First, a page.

Charles Grant, director of the Centre for European Reform, predicted that Parliament would take greater control of the Brexit process and push for a softer withdrawal. That could split the Conservative Party and produce a renewed attempt to oust May from Downing Street, he said.
“In such circumstances, it’s possible that the right wing of her party would try and bring her down in the hope of installing a different Tory leader,” he said.
Jeremy Corbyn, leader of the opposition Labour Party, said May had “run down the clock” and her deal was “clearly dead.”
“It’s time that we have a general election, and the people can choose who their government should be,” he said.
Charles Walker, a Conservative Party politician, told the BBC that if May’s deal was rejected, “as sure as night follows day, there will be a general election within a matter of days or weeks.”
Ahead of Tuesday’s vote, May told Parliament that she had secured the “legally binding” assurances they sought from the European Union that would guarantee Britain wouldn’t be “indefinitely” tied to European rules and regulations, even if the sides cannot agree in the future on how else to keep the border on the island of Ireland free and open.
But an opinion from Attorney General Geoffrey Cox proved devastating.
Cox said May’s tweaked deal did “reduce the risk that the United Kingdom could be indefinitely and involuntarily detained within the protocol’s provisions,” but he warned that “the legal risk remains unchanged.” Cox said Britain would have “no internationally lawful means of exiting the protocol’s arrangements, save by agreement” with the Europeans.
Cox’s assessment helped influence Brexit hard-liners and Northern Ireland’s Democratic Unionist Party to vote against the deal.
The withdrawal agreement, which will still serve as the foundation of any future deal, is only about the terms of departure and does not include what the future relationship between Britain and the E.U. will look like. It sets out the $50 billion divorce settlement that Britain will pay; it allows for a two-year transition period, when things will remain essentially as they are now in terms of trade, migration, security and travel; and it seeks a guarantee to preserve the free and open border on the island of Ireland.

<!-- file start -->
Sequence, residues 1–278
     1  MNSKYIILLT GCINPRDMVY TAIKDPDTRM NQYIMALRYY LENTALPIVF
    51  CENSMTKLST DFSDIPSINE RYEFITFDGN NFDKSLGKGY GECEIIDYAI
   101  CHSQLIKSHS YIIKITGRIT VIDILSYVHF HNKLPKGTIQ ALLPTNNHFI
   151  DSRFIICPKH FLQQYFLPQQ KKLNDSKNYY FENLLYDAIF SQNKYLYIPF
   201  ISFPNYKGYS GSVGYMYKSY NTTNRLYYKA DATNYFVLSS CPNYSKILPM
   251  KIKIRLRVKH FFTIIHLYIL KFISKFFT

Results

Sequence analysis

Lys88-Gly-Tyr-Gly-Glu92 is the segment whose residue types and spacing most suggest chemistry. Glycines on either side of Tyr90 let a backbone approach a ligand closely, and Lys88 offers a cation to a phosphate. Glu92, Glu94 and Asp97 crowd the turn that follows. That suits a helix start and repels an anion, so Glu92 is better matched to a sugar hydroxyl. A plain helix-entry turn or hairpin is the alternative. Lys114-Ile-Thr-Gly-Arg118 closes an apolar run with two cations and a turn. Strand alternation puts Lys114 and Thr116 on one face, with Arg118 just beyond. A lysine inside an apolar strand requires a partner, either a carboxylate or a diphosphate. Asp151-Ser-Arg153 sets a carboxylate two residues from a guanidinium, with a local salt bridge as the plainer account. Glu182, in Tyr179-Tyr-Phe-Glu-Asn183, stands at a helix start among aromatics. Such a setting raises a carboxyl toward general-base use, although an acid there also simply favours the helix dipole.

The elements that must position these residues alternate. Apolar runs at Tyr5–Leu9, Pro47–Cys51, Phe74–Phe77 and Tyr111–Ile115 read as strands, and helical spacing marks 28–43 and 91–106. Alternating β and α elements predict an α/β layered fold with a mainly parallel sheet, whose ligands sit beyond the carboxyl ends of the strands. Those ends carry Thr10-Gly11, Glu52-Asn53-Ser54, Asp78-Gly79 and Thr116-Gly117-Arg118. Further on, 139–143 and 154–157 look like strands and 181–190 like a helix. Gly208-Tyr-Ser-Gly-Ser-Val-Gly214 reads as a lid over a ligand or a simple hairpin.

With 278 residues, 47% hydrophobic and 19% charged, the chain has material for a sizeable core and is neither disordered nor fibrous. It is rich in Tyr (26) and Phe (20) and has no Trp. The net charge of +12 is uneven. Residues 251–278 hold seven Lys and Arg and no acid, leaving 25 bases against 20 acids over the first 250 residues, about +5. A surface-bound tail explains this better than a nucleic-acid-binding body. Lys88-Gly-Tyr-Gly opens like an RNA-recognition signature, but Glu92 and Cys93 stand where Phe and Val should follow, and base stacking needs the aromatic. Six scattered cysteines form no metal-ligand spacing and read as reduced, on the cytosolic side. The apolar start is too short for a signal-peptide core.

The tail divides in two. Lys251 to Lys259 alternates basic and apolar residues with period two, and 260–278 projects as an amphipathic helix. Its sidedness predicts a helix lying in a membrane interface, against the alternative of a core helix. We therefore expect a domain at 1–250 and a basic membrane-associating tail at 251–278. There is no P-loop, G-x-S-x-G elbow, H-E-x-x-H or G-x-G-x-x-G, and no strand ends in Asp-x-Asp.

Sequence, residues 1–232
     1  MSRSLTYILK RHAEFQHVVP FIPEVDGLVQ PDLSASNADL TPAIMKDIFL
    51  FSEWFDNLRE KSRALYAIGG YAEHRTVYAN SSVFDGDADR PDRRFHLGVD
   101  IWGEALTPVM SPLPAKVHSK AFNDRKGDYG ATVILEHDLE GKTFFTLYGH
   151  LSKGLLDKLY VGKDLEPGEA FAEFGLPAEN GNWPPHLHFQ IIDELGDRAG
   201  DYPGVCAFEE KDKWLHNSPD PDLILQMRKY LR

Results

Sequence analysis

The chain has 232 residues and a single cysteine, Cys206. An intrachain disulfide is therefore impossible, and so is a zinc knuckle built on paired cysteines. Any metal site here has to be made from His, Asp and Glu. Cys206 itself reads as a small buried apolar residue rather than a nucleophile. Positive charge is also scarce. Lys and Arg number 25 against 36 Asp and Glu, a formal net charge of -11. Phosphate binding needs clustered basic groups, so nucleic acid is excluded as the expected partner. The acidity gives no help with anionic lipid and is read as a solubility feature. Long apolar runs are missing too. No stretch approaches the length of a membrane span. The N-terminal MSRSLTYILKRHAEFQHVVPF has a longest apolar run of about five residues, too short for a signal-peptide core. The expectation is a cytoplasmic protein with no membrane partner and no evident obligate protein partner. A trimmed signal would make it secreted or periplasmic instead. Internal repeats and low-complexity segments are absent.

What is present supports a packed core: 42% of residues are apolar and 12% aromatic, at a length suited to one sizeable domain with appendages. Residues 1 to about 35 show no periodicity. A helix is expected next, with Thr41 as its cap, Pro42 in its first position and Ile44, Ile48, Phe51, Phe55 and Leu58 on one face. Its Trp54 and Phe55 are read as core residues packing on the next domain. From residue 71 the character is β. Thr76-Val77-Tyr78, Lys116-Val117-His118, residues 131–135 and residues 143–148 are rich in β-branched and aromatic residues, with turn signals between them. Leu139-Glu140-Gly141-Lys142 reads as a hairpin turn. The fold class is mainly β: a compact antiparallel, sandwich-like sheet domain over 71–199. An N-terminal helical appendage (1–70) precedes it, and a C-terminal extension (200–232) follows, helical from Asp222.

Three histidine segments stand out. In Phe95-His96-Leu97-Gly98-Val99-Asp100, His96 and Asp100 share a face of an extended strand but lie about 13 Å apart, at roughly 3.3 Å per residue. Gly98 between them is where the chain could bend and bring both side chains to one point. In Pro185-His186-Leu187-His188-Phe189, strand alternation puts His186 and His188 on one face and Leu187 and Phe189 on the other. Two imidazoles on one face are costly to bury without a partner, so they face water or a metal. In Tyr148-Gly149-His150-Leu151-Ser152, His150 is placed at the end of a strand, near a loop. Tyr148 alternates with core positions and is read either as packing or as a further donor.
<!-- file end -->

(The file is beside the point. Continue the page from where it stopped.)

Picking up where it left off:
It is that guarantee — the Irish backstop — that is at the heart of the impasse. Many British lawmakers fear that it would limit their country’s sovereignty, requiring them to continue to abide by European rules and regulations on customs and trade forever, without having any say. Some have hoped for a sunset clause, or a provision allowing Britain to unilaterally terminate the backstop.
E.U. leaders on Monday offered fresh pledges that they would seek all possible ways to avoid invoking the politically toxic plan. They wanted to give May a fig leaf, allowing her to say she had received concessions and win over wavering British lawmakers ahead of Tuesday’s vote. But the assurances were framed as the E.U.’s final offer.
In Brussels and across Europe, the mood was black following the vote, with many leaders warning publicly that they were stepping up their preparations for a chaotic, no-deal Brexit and some warning privately that they were completely serious — despite British assumptions that an extension to the departure deadline will be granted more or less automatically if they ask for one.
“Deeply saddened by the outcome of the #Brexit vote this evening,” Danish Prime Minister Lars Lokke Rasmussen tweeted. “Despite clear EU-assurances on the backstop, we now face a chaotic #NoDeal #Brexit scenario. And time is almost up.”
Dutch Prime Minister Mark Rutte said on Twitter that he wanted “a credible and convincing justification” for why an extension should be granted, if Britain asks for one.
“Very much depends on the U.K. prime minister and her proposal for what she wants to achieve during an extension,” said a senior E.U. diplomat, speaking on condition of anonymity to discuss internal thinking about Brexit planning.
The diplomat said that E.U. leaders do not currently believe that the departure could be extended beyond May 24 unless Britain holds elections for European Parliament that are scheduled for that day — a move that is likely to be unpopular on both sides. A British vote would be “quite an entertainment,” the diplomat said, calling the situation in London “a mess of historic proportion.”
Michael Birnbaum and Quentin Aries in Brussels contributed to this report.